You are here

Domestic e-bike brand EBC opens SoCal showroom

Published September 25, 2020

HUNTINGTON BEACH, Calif. (BRAIN) — Electric Bike Company, which builds electric cruiser bikes in California from imported and domestic parts, has opened what could be the first of many retail showrooms. 

EBC was founded by Sean, a South Africa-born entrepreneur who had a successful career in the restaurant business before retiring in his 40s in California. He had planned to return to Africa with a few bicycles to support mobility there, but got sidelined.

“I was going to bring three containers of bikes back. And then I saw a guy on an electric bike and I thought, if we are going to really help the area (in Southern Africa) mobilize itself, maybe what we should do is put a bloody motor on these things. How hard can it be?”

He found out, eventually pumping all his retirement funds into the new venture.

Lupton-Smith’s bikes went through several iterations and brand names as his company increasingly developed its own technology and manufacturing instead of importing off-the-rack products. With model names inspired by Tesla Motors, EBC now offers the Model S, the Model X, and Models C,Y,M and R. 

“The bike industry is not for sissies, I’ve learned that,” he said, noting that increased tariffs on Chinese e-bikes and parts forced him to diversify sourcing in recent years. Now only about 22% of the value of EBC bikes comes from China. The rest is from Taiwan, Japan, the Netherlands and the U.S. A wooden chainguard option is made by a furniture maker in Oregon, for example.

EBC adds value in its Newport Beach factory where it has about 40 employees who build wheels, paint frames, forks and fenders, and assemble bikes.

In 2017, an early version of Lupton-Smith’s electric cruiser caught fire on the sand at Newport Beach; a photo of the conflagration appeared in the LA Times. 

After that, EBC invested over a half million dollars developing its own electronics and battery pack. It now imports Samsung li-Ion battery cells and assembles them in Newport Beach, using a patent-pending battery pack that has an internal smart charger with a retractable cord. For some bike models, an auxiliary battery is available that sits in a front basket (which attaches to the frame) and increases bike range.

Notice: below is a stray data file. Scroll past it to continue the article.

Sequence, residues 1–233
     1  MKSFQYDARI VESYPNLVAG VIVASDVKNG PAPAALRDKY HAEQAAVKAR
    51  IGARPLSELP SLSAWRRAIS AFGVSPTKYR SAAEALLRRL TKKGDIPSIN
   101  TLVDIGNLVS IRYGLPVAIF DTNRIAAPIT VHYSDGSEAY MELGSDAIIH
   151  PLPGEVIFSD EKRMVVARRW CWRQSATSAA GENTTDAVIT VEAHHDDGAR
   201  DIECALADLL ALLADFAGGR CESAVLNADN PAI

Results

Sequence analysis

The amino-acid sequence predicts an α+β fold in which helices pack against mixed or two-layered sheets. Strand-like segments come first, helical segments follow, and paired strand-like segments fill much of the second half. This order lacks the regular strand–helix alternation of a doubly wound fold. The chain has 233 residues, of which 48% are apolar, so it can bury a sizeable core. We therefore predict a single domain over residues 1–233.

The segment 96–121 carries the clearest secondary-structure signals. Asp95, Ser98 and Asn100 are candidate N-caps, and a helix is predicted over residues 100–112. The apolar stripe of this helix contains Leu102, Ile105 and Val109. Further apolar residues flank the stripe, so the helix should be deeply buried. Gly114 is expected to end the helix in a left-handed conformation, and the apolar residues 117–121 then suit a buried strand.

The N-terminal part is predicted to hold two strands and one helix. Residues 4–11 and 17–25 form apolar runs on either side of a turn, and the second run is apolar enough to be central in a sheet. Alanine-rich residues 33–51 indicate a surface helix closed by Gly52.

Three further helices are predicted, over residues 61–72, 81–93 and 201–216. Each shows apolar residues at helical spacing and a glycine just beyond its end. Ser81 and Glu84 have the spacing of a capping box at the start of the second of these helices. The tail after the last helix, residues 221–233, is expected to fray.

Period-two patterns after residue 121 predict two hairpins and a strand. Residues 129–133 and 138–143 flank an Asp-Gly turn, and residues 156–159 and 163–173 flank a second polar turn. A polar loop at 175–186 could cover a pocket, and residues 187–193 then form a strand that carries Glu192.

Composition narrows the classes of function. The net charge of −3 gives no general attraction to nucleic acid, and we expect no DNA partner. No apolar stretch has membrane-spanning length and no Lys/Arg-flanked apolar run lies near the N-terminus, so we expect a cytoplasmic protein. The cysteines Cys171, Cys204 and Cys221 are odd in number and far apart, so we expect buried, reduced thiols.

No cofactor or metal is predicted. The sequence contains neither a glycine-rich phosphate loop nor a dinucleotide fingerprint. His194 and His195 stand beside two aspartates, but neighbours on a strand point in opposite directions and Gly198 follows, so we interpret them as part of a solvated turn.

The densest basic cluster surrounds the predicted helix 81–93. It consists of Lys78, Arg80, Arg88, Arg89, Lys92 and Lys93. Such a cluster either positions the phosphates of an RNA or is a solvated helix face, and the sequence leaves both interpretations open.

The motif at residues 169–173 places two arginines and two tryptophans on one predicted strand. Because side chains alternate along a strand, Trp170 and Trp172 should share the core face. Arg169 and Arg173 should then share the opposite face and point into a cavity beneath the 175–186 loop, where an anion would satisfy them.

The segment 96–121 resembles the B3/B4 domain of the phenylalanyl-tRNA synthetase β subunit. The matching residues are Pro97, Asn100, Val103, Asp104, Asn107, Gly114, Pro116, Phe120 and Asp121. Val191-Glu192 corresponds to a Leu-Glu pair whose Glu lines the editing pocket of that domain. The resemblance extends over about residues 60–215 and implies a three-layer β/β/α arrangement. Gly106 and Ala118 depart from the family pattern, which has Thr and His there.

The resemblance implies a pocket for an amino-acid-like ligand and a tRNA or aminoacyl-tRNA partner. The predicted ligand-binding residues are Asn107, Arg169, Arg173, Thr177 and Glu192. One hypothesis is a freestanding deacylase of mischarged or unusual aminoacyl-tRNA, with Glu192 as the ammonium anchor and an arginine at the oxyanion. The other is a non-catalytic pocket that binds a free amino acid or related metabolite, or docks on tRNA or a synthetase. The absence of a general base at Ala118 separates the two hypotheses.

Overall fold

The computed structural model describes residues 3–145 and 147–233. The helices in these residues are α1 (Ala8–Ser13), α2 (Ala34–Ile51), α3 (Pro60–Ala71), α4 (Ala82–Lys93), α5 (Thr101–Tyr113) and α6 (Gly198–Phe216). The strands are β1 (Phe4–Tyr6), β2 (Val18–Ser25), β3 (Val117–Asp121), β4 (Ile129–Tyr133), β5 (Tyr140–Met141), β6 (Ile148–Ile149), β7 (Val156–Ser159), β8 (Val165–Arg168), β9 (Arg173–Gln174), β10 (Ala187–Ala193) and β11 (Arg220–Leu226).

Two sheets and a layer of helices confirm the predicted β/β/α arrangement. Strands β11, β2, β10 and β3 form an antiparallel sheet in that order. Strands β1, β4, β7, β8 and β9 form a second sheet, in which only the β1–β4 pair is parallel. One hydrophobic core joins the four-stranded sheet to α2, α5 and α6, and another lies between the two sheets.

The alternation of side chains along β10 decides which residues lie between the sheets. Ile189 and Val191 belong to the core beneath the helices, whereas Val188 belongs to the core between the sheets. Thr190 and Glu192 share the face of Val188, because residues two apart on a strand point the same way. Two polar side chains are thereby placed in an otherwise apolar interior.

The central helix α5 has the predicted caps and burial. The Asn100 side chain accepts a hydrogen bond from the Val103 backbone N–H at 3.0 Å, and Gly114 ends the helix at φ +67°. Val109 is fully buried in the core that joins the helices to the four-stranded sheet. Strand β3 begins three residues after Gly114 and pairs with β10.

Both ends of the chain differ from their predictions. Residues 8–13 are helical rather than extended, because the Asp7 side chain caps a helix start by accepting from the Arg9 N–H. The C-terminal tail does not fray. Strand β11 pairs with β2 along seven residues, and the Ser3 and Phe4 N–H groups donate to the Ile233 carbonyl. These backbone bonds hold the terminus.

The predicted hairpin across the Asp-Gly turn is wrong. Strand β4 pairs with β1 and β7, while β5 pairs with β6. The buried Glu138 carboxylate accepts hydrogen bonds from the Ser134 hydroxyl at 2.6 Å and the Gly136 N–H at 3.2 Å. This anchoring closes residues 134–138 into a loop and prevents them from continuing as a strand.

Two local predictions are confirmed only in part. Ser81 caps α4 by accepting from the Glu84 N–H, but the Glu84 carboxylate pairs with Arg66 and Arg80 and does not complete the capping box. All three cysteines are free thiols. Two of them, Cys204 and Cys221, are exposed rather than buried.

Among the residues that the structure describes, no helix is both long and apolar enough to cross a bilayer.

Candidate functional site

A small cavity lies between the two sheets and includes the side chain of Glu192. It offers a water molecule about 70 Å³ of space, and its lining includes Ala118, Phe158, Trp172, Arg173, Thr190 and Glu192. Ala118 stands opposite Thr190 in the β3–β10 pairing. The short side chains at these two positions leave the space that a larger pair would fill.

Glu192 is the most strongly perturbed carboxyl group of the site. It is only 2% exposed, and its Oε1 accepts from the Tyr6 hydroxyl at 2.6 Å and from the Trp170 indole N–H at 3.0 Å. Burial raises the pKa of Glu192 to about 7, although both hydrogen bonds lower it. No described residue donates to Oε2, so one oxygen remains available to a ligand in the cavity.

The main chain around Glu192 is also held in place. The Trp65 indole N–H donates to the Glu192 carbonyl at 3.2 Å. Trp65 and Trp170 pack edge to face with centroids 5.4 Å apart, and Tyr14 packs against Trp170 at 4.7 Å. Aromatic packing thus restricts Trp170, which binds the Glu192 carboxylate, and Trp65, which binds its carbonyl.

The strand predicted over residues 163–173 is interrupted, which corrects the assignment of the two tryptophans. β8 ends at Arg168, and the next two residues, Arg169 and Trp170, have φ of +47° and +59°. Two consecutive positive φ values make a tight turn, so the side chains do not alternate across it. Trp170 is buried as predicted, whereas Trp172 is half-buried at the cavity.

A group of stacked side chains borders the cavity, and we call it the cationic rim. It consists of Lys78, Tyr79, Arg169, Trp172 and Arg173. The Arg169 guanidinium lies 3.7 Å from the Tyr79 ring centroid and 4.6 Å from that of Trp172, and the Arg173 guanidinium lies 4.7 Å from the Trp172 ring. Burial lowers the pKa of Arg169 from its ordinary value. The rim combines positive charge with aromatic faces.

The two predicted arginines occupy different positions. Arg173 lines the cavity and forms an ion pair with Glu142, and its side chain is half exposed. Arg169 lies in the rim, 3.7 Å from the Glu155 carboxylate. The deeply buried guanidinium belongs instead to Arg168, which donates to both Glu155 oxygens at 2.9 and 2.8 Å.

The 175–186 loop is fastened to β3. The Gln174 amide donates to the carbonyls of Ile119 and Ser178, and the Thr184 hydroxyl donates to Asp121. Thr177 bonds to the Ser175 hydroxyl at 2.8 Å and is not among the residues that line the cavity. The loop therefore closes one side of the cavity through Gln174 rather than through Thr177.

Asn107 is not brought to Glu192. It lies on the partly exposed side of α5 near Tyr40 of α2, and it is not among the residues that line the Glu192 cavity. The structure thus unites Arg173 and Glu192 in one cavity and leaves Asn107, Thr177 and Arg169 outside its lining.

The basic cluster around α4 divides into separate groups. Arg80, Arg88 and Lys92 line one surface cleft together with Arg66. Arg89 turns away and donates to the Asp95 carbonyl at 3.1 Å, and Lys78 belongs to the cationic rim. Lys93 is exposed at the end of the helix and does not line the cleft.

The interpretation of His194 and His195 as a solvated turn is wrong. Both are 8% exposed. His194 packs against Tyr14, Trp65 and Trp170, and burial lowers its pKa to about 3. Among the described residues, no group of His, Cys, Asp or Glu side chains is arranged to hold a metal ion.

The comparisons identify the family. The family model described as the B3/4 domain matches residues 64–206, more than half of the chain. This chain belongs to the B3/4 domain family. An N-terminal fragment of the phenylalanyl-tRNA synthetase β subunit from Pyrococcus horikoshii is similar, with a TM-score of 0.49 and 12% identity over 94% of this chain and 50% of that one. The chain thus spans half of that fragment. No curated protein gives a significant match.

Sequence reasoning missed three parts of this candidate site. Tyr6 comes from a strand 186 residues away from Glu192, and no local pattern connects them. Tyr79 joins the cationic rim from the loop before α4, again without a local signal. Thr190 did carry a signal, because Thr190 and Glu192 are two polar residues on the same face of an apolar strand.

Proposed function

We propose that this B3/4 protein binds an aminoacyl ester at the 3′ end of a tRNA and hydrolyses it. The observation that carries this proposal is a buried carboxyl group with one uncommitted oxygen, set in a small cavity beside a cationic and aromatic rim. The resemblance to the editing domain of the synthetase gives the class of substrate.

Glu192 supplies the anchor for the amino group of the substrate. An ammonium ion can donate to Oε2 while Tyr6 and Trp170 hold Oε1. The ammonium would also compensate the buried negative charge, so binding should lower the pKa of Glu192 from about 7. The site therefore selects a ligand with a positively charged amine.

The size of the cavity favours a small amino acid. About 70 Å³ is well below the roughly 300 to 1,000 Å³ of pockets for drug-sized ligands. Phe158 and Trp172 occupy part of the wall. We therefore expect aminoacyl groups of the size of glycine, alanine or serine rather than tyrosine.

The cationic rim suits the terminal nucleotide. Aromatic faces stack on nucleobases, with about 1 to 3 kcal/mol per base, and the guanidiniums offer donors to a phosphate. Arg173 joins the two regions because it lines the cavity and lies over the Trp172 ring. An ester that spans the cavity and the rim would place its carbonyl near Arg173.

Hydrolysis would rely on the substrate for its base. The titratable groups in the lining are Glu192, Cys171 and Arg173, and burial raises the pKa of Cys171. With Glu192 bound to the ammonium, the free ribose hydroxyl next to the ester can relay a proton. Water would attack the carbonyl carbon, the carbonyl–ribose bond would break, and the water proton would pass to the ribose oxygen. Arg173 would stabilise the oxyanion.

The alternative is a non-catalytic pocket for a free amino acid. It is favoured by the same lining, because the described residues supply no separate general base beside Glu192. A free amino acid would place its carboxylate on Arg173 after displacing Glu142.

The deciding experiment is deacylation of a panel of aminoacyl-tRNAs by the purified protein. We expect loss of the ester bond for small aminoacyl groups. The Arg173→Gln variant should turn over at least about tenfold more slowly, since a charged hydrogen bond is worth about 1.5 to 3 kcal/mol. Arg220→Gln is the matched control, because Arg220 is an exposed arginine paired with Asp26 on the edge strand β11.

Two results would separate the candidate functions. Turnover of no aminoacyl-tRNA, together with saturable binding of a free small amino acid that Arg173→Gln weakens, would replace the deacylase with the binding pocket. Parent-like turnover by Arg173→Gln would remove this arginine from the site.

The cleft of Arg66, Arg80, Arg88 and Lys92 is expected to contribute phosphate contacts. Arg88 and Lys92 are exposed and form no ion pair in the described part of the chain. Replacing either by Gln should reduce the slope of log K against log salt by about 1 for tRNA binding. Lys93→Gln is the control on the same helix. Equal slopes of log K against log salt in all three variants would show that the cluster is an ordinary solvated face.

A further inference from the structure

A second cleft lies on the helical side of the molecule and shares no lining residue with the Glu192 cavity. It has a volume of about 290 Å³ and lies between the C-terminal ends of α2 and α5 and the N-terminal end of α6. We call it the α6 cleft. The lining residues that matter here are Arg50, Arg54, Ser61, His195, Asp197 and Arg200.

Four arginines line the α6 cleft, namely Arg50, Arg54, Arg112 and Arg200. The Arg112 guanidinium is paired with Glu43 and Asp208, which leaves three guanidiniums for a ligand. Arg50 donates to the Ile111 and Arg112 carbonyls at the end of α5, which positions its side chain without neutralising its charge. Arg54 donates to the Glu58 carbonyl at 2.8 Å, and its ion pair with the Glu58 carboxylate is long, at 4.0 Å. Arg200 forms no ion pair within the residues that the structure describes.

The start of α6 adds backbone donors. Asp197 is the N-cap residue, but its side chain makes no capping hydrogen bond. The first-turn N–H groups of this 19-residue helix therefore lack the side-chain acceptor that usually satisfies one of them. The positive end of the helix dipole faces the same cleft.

Lupton-Smith (center) with staff at EBC's warehouse.

Customization is the brand’s secret sauce.

“Customers are looking for personalized products, and we can do that. … At least half or more of our customers are women and they love customizing. Being able to offer that experience sets us apart.” 

He said at least 35% of sales are to couples. The bikes start at $1,700 retail.

Custom frame colors and parts spec are available through a B2C website, and through a small handful of independent retailers nationally. And orders can be made through the new showroom in Huntington Beach.

Lupton-Smith envisions a cluster of showrooms that will display EBC bike models and accessories, but not stock inventory. At approximately 1,000 square feet each, the showrooms will allow consumers to order cruisers to be delivered fully assembled to the customer’s door in a few weeks. 

Lupton-Smith’s restaurant background shows itself when he describes the showroom design. 

“They will be small footprint stores (built) with green, reusable materials … We don’t have to have the whole infrastructure in each city, because it’s all supported by the factory in Newport Beach. We’ll have the four best-selling bikes on display, and some accessories. And right in the middle we’ll have a bike stand with a bike, and we’ll have a technician there who can help with small repairs and stuff. But it’s primarily a showroom. We’ll have Pantone color books so the customer can choose any color they want as long as it’s in the book.”

He plans to test the concept first in Huntington Beach and possibly some more locations nearby.

“I’d love to go national eventually,” he said. 

Lupton-Smith has experience with multi-location retail from his restaurant days.  

“Being a franchisor and a franchisee taught me a lot of things … personally I would prefer to really only work with selected high-quality dealers who can have their own tiny design studios, either on a dealership commission basis or 100% corporate-owned,” he said.

Expansion plans depend on financing, of course, and for now Lupton-Smith prefers to maintain 100% ownership of the company. “It’s nice, I don’t have to go through the whole venture capital presentation thing,” he said.

The company currently sells about 100 bikes a week and sales have boomed during the pandemic. Last year sales were over $2 million and are on track for $12 million in sales in 2020, according to Lupton-Smith.

And this 51-year-old retiree, who became a U.S. citizen about ten years ago, has ambitions to take the brand further.

“We aren’t going to be the only one customizing cool electric bikes forever, so we might as well get as big of a headstart as we can.”

EBC founder Sean Lupton-Smith.

Join the Conversation